The Surprising History of Bodybuilding
Many of us associate the pioneers of bodybuilding with 20th century athletes like Charles Atlas. The history of the sport, in fact, reaches back hundreds of years.

The history of bodybuilding can be traced to the 12th century, where the first training techniques and nutrition regimes were developed in India.  By the 16th century, bodybuilding had become a national pastime for people around the world.  These archaic bodybuilding exercises were performed using dumbbells made of stone and wood, which planted the roots for modern weightlifting, as we know it today.

From the late 1800s to the early 1900s, bodybuilding became a widely popular commercial sport, particularly among the general public.  During this period, the first national and international bodybuilding competitions took place in and around Europe.

In that era of bodybuilding, a fellow by the name of Eugene Sandow was a key figure in creating the sport that we know today.  Called 'The Father of Modern Bodybuilding,' Sandow incessantly promoted his fitness and bodybuilding ideologies, and published one of the first bodybuilding magazines called Physical Culture.  His persistence in endorsing bodybuilding led to the first official weightlifting competitions.  The sport was first introduced as an Olympic game when it was featured as a main event in the 1896 Olympic Games in Athens, Greece.  Five years later, Sandow was honored as one of the judges in a bodybuilding event that drew 2,000 spectators to the Royal Albert Hall in London.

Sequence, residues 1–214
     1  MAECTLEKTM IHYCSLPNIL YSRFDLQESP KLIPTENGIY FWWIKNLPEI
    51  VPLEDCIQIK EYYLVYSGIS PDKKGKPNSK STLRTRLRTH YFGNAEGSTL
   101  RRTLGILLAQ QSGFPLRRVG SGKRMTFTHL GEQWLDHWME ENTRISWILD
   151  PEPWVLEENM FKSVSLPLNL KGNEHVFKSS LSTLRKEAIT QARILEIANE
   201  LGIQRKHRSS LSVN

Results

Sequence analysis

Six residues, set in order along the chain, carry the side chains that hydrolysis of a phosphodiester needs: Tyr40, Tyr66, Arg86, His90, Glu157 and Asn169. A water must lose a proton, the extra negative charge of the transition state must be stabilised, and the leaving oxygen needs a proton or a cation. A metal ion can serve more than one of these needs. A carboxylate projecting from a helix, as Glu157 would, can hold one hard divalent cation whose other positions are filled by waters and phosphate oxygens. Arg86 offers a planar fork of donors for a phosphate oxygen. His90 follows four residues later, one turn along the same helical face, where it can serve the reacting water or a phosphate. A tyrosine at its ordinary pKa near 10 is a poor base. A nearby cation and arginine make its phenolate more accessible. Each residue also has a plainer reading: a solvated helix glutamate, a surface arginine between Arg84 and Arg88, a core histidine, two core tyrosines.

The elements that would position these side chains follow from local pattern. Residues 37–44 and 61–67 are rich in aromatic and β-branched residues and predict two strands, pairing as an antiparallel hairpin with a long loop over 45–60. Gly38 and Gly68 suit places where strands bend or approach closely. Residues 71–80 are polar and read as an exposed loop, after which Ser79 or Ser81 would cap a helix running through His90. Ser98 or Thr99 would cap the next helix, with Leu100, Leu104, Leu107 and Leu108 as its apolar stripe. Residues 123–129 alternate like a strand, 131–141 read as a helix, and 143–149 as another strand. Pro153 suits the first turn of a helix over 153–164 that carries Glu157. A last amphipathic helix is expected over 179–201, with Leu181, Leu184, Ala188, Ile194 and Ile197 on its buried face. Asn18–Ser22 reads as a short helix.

In the 1920s, bodybuilding gained in popularity and became a very profitable industry.  New muscular celebrities like Charles Atlas stepped into the spotlight, adding to the bodybuilding furor.  Commercially manufactured dumbbells and barbells sold like hotcakes all over the world, while new developments in diet plans, exercise devices and bodybuilding strategies increased in volume every year.

The Golden Era of Bodybuilding

The sport of bodybuilding reached its "Golden Age" during the 1940s to the 1970s. This was the era of muscle beaches, movies featuring bodybuilders-turned actors like "Tarzan" and "Hercules", and new bodybuilding celebrities like Harold Zinkin, Joe Gold and the two-time Mr. America John Grimek.  During that period, bodybuilding became formally separated from weightlifting.  The basic ideology was finally solidified, with goals set on health, fitness, strength and aesthetic muscular building.

Since the mid-1960s, a new generation of professional bodybuilders has worked to promote the sport. As leader of this pack, Arnold Schwarzenegger used his talent, charisma and amazing physique to bring the popularity of bodybuilding to new heights.  "Mr. Universe" Schwarzenegger transformed his body into the materialized version of what every bodybuilding fan strived to achieve.  Who could have imagined at the time that he would one day become Governor of California?

Steroid Use

The darker side of this era saw the introduction of anabolic steroid use in professional bodybuilding and other competitive sports.  These drugs tainted the competitive side of the sport, although the universal appeal for the core values of bodybuilding never changed.

Throughout the history of bodybuilding, the sport has evolved and changes have taken place.  The basic premise, however, has not changed.  Today, some 800 years after the sport was first introduced, athletes continue to work hard and play harder in an effort to be the best that they can be.